A contentious week on Jones Street ends on a sad note. As the General Assembly takes up (or doesn’t) issues relating to abortion, economic incentives, access to guns, access to healthcare, tax fairness, Medicaid reform and other high stakes issues, the Legislative Building fills with passionate protesters seeking to influence the outcomes. Moral Monday arrests continue – although you can’t guarantee it will be on a Monday – and emotions are running high. Now every legislative office contains a “panic button” that alerts on-site police. Now there are velvet ropes between the public and the 14 foot high brass doors to the legislative chambers. And for the first time we can remember the Fire Marshall is actually enforcing the occupancy limits in those overstuffed, sweltering committee rooms. This week Jones Street had that uneasy feeling.
The divide in the State House over access to handguns is a deep one. After a number of starts, the House passed a much-softened version of HB 562 – Amend Firearms Laws largely along party lines. A bipartisan coalition successfully amended the bill eight times during a floor debate that lasted hours. Those amendments included rejecting a new provision to end the pistol permit application system run by sheriffs, as well as rejecting a proposal to allow legislators and staff at the General Assembly with concealed carry permits to carry their guns at the General Assembly. Rep. Jeff Collins argued that allowing legislators and staff to carry concealed handguns would serve as a deterrent to those wanting to incite violence in the halls. Rep. Leo Daughtry suggested that the legislature is where issues are decided by debate, “there are some places we don’t need guns.” (whew!) The bill is now in the Senate Rules Committee.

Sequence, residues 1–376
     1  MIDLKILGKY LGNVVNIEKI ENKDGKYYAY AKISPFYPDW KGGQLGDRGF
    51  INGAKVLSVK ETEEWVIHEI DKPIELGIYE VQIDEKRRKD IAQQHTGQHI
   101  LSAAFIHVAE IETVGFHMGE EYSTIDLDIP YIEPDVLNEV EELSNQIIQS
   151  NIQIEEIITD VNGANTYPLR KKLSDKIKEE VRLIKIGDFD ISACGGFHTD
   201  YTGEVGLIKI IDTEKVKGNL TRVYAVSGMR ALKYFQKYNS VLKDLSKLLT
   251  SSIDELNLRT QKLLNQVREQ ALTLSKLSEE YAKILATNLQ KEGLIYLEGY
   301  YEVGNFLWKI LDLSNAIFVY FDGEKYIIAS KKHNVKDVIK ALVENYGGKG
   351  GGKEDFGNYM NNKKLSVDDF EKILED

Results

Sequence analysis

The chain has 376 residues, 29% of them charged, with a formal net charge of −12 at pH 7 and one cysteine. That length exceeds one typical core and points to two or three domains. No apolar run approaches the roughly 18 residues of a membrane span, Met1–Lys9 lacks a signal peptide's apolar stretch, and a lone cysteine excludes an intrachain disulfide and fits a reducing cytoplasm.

NC Connection to Charleston Tragedy
After a lengthy and emotional week of debate over the gun bill, members cheered when they learned that the suspect in the Charleston church shooting had been apprehended in North Carolina. But word spread quickly that the sister of former state senator Malcolm Graham was one of the nine victims. It was a sad end to the week.
A Blue Law Topples
A conference committee report for HB 640 – Outdoor Heritage Act will allow for lawful Sunday Hunting with a firearm on private property except between the traditional church hours of 9:30-12:30. Hunting on private hunting preserves is exempted from the hours restrictions. The House voted this week to approve the compromise and the Senate vote is expected next Tuesday.
The Senate released its budget late Monday, reviewed it in three committees on Tuesday, then held floor debate and votes on Wednesday and Thursday. It will now go to conference committee where House and Senate members will work together on a compromise budget. But, don’t start holding your breath just yet, House Budget writer Chuck McGrady was heard to say we will be here until Labor Day.
Here are some of the differences between the House and Senate budgets that will need to be worked out in conference committee:
- House: $22.2 billion (an increase of about 5%)
- Senate: $21.47 billion (an increase of about 2%)
- House: Includes the historic preservation tax credit and $40 million a year for film grants
- Senate: No historic preservation tax credit and $10 million a year for film grants
- House: 2% raises for all teachers and state employees